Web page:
How To Stay Creative In a Creativity-Sapping World
Some would say that words are a writer’s greatest weapon. I would disagree.
In the event of being charged by an angry stegosaurus, a 50-caliber elephant gun would be preferable to standing your ground and attempting to stave off the beast with your impressive vocabulary. (Unless by your loquacity you are able to convince the creature that it is, in fact, extinct.)
Where actual writing is concerned, I would say that words are pretty darn important, but second only to your creativity. The power of your imaginative, oft-misunderstood right brain.
Creativity is your superpower. It is what people are coveting when they read your stories and say things like, “how do you come up with this stuff?” In truth, they are probably pretty creative people themselves. They just haven’t learned to wield the weapon like you have.
Unfortunately, we live in a time and society that is perfectly set up to suck the creativity and imagination from your soul. The technological age, with all its perks, can be kryptonite for the creative individual.
Here are some tips for keeping your creativity alive, sharp, and dangerous.
Resist the Urge for Technological Dependance
My phone’s name is Wallace, and he basically wants me to stop thinking.
Wallace wants me to hand over the keys to my brain, lean back, close my eyes, and just enjoy the ride. Enjoy a nice foot massage while I’m at it. He can fix all my problems, get me where I need to go, and find me the nearest source of coffee in about two seconds.
I am rather a late bloomer when it comes to the smartphone revolution (I’ve had Wallace about a month now), so I’m a little starry-eyed at this not-so-new frontier. But also a little disturbed.
If I let Wallace have as much space in my life as he would like to, my brain would get tossed in a dark and cobwebby corner with my old portable CD player, to be pulled out only as a novelty at parties and such. (”Hey, check out this old frontal lobe—remember when we used to use these?”)
Creativity is a muscle that needs to be exercised, or it goes into atrophy. Make sure that you’re not allowing the convenience of modern technology to do all the heavy lifting.
Root Out Addictions
Anything can be an addiction. It’s not just the “bad stuff” we usually associate with that word. Food. Video games. Exercise. Internet. Vacuuming the carpet.
Addictions are a huge distraction and obstacle to the creative process, because they build an insatiable desire for instant gratification. They steal your focus. And modern science has shown us that certain addictions, like drugs and pornography, actually cause physical damage to your brain.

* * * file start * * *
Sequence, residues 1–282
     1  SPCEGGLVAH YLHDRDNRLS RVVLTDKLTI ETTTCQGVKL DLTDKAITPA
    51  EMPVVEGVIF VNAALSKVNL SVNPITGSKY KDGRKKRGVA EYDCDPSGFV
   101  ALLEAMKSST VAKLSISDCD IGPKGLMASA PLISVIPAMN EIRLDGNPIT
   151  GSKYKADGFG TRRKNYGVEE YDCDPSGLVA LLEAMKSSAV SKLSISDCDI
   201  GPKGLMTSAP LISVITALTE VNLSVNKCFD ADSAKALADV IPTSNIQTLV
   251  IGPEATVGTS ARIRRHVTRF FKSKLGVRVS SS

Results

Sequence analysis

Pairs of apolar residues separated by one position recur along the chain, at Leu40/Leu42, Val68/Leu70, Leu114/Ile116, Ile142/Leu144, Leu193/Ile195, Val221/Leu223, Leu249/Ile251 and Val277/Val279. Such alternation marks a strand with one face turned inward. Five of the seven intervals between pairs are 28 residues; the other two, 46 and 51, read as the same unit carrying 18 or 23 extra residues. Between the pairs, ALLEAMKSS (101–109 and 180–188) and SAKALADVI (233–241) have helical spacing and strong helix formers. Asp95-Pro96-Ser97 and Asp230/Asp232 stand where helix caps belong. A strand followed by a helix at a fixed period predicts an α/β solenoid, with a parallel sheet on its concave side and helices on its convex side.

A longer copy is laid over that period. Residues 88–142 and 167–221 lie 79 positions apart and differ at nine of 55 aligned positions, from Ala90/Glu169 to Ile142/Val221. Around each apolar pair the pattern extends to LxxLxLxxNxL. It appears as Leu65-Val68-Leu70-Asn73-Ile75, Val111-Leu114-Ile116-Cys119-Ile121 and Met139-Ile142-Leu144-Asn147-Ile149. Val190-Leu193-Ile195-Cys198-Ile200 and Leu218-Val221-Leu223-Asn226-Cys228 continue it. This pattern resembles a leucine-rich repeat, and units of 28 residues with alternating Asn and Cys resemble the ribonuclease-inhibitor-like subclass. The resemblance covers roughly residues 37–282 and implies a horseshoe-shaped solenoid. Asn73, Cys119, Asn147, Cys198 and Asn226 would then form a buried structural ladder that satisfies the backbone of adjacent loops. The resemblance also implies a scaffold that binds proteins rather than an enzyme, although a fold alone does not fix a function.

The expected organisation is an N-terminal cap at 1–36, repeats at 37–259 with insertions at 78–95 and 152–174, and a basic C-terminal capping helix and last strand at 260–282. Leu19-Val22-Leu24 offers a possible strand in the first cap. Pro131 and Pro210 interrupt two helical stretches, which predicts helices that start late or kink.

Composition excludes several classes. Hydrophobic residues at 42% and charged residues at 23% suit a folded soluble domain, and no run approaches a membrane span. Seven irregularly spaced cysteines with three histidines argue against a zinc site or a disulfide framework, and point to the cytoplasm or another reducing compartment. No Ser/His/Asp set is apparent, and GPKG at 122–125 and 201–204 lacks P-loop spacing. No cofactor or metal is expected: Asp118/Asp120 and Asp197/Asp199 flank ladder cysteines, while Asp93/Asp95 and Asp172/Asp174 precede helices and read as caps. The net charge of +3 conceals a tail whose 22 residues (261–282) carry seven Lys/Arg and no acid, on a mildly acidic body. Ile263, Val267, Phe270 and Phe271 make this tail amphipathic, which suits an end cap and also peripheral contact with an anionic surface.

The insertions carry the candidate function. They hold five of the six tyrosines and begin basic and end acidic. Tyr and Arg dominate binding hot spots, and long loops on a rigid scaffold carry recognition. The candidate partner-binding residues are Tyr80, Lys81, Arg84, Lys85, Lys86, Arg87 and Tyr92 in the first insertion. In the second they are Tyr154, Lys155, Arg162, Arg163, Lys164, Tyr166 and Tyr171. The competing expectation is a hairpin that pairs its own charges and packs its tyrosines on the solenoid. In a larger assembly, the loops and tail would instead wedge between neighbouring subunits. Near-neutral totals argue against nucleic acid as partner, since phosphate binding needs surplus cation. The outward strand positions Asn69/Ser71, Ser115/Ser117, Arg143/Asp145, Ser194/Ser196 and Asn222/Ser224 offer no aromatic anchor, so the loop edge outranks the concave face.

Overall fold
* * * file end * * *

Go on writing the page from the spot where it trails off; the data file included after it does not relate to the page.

Examine your life, and be prepared to make changes if a particular habit or activity is becoming an addiction. This isn’t just a creativity thing, it’s a quality-of-life thing.
Recognize the Power of Creative Loitering
I am an avid people-watcher, though not a very subtle one. My intense, wide-eyed, Sherlockian stare is probably not a very comforting thing for an innocent bystander to find turned on them. They would be even less thrilled if they realized that I had just created a tragic backstory for them, in which they were a retired alligator wrestler whose career had been toppled by a severe allergy to river water.
You’re welcome, random citizen.
I think that people-watching and daydreaming are essential daily practices for the writer. They exercise those creative muscles. They seed stories. They keep us reminded of the whimsy and romance that can be found in even the most mundane situations.
Taking five minutes to loiter on a sidewalk and take in your surroundings isn’t laziness. It’s an exercise that will make you a more effective storyteller.
Don’t Be Ashamed of Your Creativity
Artist’s guilt plagues most of us who want to make a living through our art—the unshakable feeling that you don’t have a real job, that you somehow aren’t adulting right. Sometimes we might even feel a little embarassed about the imaginitive thoughts that drift through our minds. We should be having solid, grown-up thoughts right now, not brainstorming stories or wondering how long a desert warrior’s legs would have to be to effectively ride a giraffe.
If you are feeling this way, stop. Obviously, it’s important to have some self-control in this area—you can’t be daydreaming all the time, or you and the people who depend on you will never eat. But your imagination is what makes you good at what you do. It’s one of the things that makes you a storymonger.
Stay creative, guys. Keep those right-brain muscles exercised and in peak condition. Don’t let the distractions and convenience of the 21st century dull the spark that makes you who you are.
I’m looking at you, Wallace.